On Wednesday, a film crew arrived on campus to tape Assistant Professor of Africana Studies Brian Purnell's "The Wire": Race, Class, Gender and the Urban Crisis." The course will be featured on C-SPAN's "Lectures in History" series on an upcoming Saturday.

Purnell's course was inspired by David Simon's television series, "The Wire," and the changing demographics of postwar American cities. The class explores different aspects of the urban African-American experience during the late 1960s to the end of the 20th century. Students use "The Wire" as a text to study American cities.

"I picked this class not as 'that class on 'The Wire' but because I knew that Dr. Purnell could teach me the history behind the present society that 'The Wire' looks to critique and address," said Neli Vazquez '14. "If you have taken a class with Dr. Purnell, you know that his passion and knowledge for his area of expertise combined the hilarious down-to-earth way in which he lectures make his classes irresistible."

"Lectures in History" selects professors throughout the country, filming classes and screening them on C-SPAN's American History TV division. With 90 lectures presently recorded, the weekly episodes focus on different historical topics, ranging from the nuclear arms race to the Seven Years War.

The program has featured a variety of professors, who hold positions at community colleges, Ivy League universities, small liberal arts colleges, and military academies.

C-SPAN's American History producer Logan Russell explained that the show chooses lecturers by word of mouth, using references to determine who would be a good subject.

"Everyone is recommended in one way or another. It could be fellow professors—at the same school or elsewhere—who have seen a public lecture by the person or know of a person's reputation as a good classroom lecturer," said Russell. "We then do due diligence, researching the person on the web, even watching an online video of the person speaking if that is available."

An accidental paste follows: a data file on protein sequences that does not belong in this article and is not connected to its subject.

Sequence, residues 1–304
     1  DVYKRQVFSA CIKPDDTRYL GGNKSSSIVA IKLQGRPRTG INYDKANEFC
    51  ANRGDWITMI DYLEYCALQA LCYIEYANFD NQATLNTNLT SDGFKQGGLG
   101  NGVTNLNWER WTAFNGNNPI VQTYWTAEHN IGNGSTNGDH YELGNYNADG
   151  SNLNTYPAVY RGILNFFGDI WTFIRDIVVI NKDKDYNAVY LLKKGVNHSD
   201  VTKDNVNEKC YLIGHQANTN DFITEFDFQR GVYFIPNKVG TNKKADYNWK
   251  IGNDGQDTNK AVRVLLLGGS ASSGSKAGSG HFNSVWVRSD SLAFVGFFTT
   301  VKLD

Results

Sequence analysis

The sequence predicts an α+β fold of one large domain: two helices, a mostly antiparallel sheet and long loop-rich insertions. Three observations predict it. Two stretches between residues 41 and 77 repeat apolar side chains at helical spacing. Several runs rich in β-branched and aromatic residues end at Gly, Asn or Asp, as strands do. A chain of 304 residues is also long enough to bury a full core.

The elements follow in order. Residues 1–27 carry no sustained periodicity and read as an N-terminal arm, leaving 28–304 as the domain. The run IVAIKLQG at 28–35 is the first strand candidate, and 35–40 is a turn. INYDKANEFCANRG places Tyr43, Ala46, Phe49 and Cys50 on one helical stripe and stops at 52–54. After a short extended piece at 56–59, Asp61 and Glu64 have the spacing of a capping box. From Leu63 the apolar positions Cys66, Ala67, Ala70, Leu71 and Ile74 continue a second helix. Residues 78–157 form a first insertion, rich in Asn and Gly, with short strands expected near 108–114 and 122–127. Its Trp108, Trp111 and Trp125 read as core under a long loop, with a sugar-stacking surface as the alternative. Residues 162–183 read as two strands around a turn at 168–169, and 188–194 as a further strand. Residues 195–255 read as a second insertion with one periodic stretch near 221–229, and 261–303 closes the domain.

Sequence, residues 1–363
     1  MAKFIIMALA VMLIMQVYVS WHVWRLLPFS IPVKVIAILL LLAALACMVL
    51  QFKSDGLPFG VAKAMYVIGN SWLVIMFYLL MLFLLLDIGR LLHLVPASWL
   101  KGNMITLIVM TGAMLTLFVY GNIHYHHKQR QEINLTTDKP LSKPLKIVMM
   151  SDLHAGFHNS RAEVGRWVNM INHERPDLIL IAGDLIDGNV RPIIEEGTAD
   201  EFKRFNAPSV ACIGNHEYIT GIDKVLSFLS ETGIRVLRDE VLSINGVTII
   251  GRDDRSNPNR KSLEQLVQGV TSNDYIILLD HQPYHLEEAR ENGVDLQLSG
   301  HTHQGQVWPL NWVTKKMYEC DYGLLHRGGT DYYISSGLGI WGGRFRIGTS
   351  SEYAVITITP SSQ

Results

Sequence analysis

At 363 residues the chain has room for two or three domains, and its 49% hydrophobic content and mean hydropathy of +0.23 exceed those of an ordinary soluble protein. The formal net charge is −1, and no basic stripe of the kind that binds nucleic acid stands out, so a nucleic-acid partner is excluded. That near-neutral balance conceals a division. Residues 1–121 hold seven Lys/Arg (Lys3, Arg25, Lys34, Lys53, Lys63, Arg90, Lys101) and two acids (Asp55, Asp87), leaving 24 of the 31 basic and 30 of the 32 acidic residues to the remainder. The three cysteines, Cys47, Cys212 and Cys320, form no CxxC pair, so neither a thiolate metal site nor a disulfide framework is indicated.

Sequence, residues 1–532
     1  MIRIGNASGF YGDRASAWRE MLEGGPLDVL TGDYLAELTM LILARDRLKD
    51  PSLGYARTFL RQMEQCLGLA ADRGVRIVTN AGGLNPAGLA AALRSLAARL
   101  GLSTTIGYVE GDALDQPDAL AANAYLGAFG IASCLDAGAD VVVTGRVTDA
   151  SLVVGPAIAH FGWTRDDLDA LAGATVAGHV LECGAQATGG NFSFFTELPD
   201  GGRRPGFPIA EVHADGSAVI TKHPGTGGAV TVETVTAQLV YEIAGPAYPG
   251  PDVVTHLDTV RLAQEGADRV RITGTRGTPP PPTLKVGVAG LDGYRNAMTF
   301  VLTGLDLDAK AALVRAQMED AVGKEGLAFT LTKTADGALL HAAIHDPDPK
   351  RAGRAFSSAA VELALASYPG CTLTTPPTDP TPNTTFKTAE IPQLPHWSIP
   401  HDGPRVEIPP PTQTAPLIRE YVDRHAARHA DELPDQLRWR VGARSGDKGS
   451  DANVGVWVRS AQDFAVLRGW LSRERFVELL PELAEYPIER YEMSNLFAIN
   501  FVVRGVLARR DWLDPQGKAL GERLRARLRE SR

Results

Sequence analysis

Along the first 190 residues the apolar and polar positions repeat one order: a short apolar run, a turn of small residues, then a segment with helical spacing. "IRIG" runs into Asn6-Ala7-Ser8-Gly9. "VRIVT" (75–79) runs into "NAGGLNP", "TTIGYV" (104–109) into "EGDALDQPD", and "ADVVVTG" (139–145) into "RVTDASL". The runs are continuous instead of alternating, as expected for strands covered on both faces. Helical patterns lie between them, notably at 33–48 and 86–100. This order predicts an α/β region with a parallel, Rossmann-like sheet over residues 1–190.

A former colleague at Fordham University recommended Purnell's name to the series' producers. The producers then approached Purnell and requested to tape his class.

Purnell's lecture, entitled "The Origins of the Urban Crisis", concentrated on the issues that affected northeastern and midwestern cities, between the late 1960s and 1980s.

The first part of Purnell's lecture focused on African-Americans in cities, up until the 1940s, while the second part centered on the conditions that created the urban crisis. The final part of the lecture detailed the aftermath of the crisis.

Students noted that the addition of a microphone at the front of the class was "awkward," and only one student asked a question.

"Dr. Purnell is a fantastic and engaging lecturer so it was really exciting to hear that C-SPAN was going to be filming his lecture," said Jaqueline Su '12. "Having C-SPAN there did put a bit of a damper on class participation since we had to go to the microphone to ask or answer questions, but overall it was a good experience."

Indeed, at the end of the day, Purnell was pleased with the final result.

"Getting taped was a little nerve-wracking, but it went really well," said Purnell. "I'm glad I did it."